Using Vector{Float64} seems to increase the runtime by almost 40% compared to using the Deque{Float64}

Yes! This is the part of the code that is the newest functional addition and yes itâ€™s probably far from optimal, however I donâ€™t think the code usually spends a lot of time here anyway so the benefits of optimizing this part are probably small.

if j-win_backward > 0
failed = false
for v in @view vect[j-win_backward:j-1]
if roll_max[j] < v
failed = true
break end
end
if !failed
opt_ind +=1
opt_index[opt_ind] = j
opt_type[opt_ind] = 1
end

it added a slight improvement in speed (again a few %). Is that what you were thinking about or were you thinking about something more sophisticated?

I think your algorithm is O(N), so there is nothing more to improve here. I checked that your code allocates a lot, despite of using views. Maybe I have no your latest code, so please veryfy.

using LinkedLists
function movingmax(array::AbstractArray{T}, K::Integer) where T <: Real
@assert K > 0
@assert K < length(array)
result = zeros(T, length(array)-K+1)
list = LinkedLists.LinkedList{Tuple{Int, T}}()
windowindex = 0
resultindex = 1
isready = false
for item in array
if !isempty(list) && first(list)[1] == windowindex
popfirst!(list)
end
while !isempty(list) && last(list)[2] < item
pop!(list)
end
push!(list, (windowindex, item))
windowindex = (windowindex + 1) % K
if windowindex == 0
isready = true
end
if isready
result[resultindex] = first(list)[2]
resultindex = resultindex + 1
end
end
return result
end

My latest code below: (note that I have changed the name of a few functions since they were changed in the updated DataStructures.jl package which I now use.

function rolling_optima(vect::Any, win_size::Integer; debug=false)
roll_max = zeros(Float64, length(vect))
roll_min = zeros(Float64, length(vect))
opt_index = zeros(Int16, length(vect))
opt_type = zeros(Int8, length(vect))
d_max = Deque{Float64}()
d_min = Deque{Float64}()
win_forward = win_size
win_backward = win_forward*2
opt_ind = 0
#comp = 10
pushfirst!(d_max,vect[1])
pushfirst!(d_min,vect[1])
@inbounds for i in 2:length(vect)
if vect[i] > vect[i-1]
@inbounds for k in 1:length(d_max)
if vect[i] >= first(d_max) popfirst!(d_max)
else break end
end
else
@inbounds for k in 1:length(d_min)
if vect[i] <= first(d_min) popfirst!(d_min)
else break end
end
end
pushfirst!(d_max,vect[i])
pushfirst!(d_min,vect[i])
j = i + 1 - win_forward
if j >= 1
roll_max[i] = last(d_max)
roll_min[i] = last(d_min)
if vect[j] == last(d_max)
if roll_max[i] == roll_max[j]
if j-win_backward > 0
failed = false
for v in @view vect[j-win_backward:j-1]
if roll_max[j] < v
failed = true
break end
end
if !failed
opt_ind +=1
opt_index[opt_ind] = j
opt_type[opt_ind] = 1
end
end
end
pop!(d_max)
elseif vect[j] == last(d_min)
if roll_min[i] == roll_min[j]
if j-win_backward > 0
failed = false
for v in @view vect[j-win_backward:j-1]
if roll_min[j] > v
failed = true
break end
end
if !failed
opt_ind +=1
opt_index[opt_ind] = j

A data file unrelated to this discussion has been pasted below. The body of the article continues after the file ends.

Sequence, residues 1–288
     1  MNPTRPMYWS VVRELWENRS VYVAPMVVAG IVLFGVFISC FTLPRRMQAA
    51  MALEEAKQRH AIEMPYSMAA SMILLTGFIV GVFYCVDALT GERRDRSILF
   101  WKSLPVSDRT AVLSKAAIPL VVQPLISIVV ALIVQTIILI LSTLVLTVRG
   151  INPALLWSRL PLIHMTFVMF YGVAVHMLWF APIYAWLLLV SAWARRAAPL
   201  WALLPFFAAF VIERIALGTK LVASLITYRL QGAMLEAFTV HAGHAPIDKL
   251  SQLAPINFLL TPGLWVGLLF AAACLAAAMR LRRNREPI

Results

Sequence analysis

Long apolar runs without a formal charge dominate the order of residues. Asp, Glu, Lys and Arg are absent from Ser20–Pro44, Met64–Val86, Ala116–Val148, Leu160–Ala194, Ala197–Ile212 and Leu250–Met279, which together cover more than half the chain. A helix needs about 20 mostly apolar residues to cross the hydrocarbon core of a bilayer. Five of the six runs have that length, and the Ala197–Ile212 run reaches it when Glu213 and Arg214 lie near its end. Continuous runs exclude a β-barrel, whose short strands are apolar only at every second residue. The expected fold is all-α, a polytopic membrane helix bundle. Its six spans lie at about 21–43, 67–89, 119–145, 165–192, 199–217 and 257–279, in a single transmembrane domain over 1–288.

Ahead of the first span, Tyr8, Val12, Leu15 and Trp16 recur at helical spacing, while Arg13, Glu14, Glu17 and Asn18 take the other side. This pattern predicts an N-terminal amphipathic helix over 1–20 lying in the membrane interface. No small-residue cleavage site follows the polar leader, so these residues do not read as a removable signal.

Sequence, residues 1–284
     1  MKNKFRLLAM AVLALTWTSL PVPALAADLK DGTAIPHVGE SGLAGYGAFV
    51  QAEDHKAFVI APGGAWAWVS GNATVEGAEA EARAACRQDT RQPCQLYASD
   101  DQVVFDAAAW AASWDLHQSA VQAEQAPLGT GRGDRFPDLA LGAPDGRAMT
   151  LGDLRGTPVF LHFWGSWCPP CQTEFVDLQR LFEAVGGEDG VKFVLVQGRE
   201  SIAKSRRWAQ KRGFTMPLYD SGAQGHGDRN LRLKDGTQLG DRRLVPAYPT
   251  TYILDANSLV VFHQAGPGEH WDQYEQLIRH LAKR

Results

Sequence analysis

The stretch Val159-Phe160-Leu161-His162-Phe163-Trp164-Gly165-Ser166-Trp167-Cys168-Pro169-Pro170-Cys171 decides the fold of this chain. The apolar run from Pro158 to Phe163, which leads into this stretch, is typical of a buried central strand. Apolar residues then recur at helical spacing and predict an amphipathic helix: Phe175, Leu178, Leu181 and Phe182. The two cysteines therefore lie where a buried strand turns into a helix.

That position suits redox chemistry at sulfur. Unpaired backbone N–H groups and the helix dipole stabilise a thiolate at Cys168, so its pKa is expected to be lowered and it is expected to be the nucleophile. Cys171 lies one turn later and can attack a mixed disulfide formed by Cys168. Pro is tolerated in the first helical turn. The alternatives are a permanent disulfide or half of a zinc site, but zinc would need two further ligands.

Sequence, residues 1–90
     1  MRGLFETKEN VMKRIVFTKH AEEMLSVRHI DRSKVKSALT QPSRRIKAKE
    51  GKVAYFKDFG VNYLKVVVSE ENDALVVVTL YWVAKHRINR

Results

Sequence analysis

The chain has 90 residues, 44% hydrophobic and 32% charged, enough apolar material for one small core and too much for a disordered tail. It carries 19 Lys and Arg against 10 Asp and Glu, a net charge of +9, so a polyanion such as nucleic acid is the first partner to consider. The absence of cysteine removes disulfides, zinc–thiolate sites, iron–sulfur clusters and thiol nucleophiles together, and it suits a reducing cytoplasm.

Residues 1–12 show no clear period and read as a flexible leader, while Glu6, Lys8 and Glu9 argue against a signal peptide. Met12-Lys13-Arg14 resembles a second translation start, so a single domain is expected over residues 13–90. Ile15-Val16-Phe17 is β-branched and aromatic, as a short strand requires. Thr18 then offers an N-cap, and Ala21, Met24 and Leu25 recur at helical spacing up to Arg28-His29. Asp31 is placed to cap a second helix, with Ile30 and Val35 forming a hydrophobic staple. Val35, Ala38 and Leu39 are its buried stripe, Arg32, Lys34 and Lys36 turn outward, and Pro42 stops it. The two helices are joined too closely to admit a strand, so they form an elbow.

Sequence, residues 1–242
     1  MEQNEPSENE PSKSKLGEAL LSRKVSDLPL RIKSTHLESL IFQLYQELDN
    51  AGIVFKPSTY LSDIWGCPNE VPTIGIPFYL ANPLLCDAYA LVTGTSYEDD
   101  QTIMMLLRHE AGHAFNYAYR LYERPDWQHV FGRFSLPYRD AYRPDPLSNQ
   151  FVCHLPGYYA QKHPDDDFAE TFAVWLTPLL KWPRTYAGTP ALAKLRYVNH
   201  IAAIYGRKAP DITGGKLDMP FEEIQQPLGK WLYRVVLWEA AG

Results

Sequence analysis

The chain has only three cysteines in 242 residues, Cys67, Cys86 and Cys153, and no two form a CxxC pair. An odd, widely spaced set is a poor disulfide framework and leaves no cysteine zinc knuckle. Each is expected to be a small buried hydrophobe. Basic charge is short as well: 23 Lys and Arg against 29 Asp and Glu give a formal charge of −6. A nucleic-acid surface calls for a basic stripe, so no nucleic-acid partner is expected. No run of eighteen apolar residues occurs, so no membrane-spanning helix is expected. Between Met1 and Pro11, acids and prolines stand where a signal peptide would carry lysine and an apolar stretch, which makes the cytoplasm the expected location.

opt_type[opt_ind] = -1
end
end
end
pop!(d_min)
end
end
end
opt_index = opt_index[1:opt_ind]
opt_type = opt_type[1:opt_ind]
if debug
return opt_index, opt_type, roll_max, roll_min
else
return opt_index, opt_type
end
end

Now to your results. It seems that something was strange with running my function. Here are my current results.

While not as good as the results for your function movingmax not as bad as what you had. (I of course did â€śwarm upâ€ť runs first when using @time) Could you verify my results?

This is very nice to hear! And you are right, my function is doing more. Do you have a feeling that your function is close to what is possible in terms of speed? Itâ€™s actually very satisfying to se how few allocations my code is currently performing!

In terms of complexity my code (your also) is optimal - O(N). Anyway, I think much more could be improved in my function, for instance when I changed LinkedList to Deque I am 15% faster.

Very nice! Did you get rid of some of the allocations? Maybe the part of my code that does the simple rolling maximum is very similar to your code after thatâ€¦?

Just for comparison I reduced my function to a rolling_maxmin() and a rolling_max() one. The last one of course loses some tricks but should be very close to yours?

function rolling_maxmin(vect::Any, win_size::Integer)
roll_max = zeros(Float64, length(vect))
roll_min = zeros(Float64, length(vect))
d_max = Deque{Float64}()
d_min = Deque{Float64}()
pushfirst!(d_max,vect[1])
pushfirst!(d_min,vect[1])
@inbounds for i in 2:length(vect)
if vect[i] > vect[i-1]
@inbounds for k in 1:length(d_max)
if vect[i] >= first(d_max) popfirst!(d_max)
else break end
end
else
@inbounds for k in 1:length(d_min)
if vect[i] <= first(d_min) popfirst!(d_min)
else break end
end
end
pushfirst!(d_max,vect[i])
pushfirst!(d_min,vect[i])
j = i + 1 - win_size
if j >= 1
roll_max[i] = last(d_max)
roll_min[i] = last(d_min)
if vect[j] == last(d_max)
pop!(d_max)
elseif vect[j] == last(d_min)
pop!(d_min)
end
end
end
return roll_max, roll_min
end
function rolling_max(vect::Any, win_size::Integer)
roll_max = zeros(Float64, length(vect))
d_max = Deque{Float64}()
pushfirst!(d_max,vect[1])
@inbounds for i in 2:length(vect)
if vect[i] > vect[i-1]
@inbounds for k in 1:length(d_max)
if vect[i] >= first(d_max) popfirst!(d_max)
else break end
end
end
pushfirst!(d_max,vect[i])
j = i + 1 - win_size
if j >= 1
roll_max[i] = last(d_max)
if vect[j] == last(d_max)
pop!(d_max)
end
end
end
return roll_max
end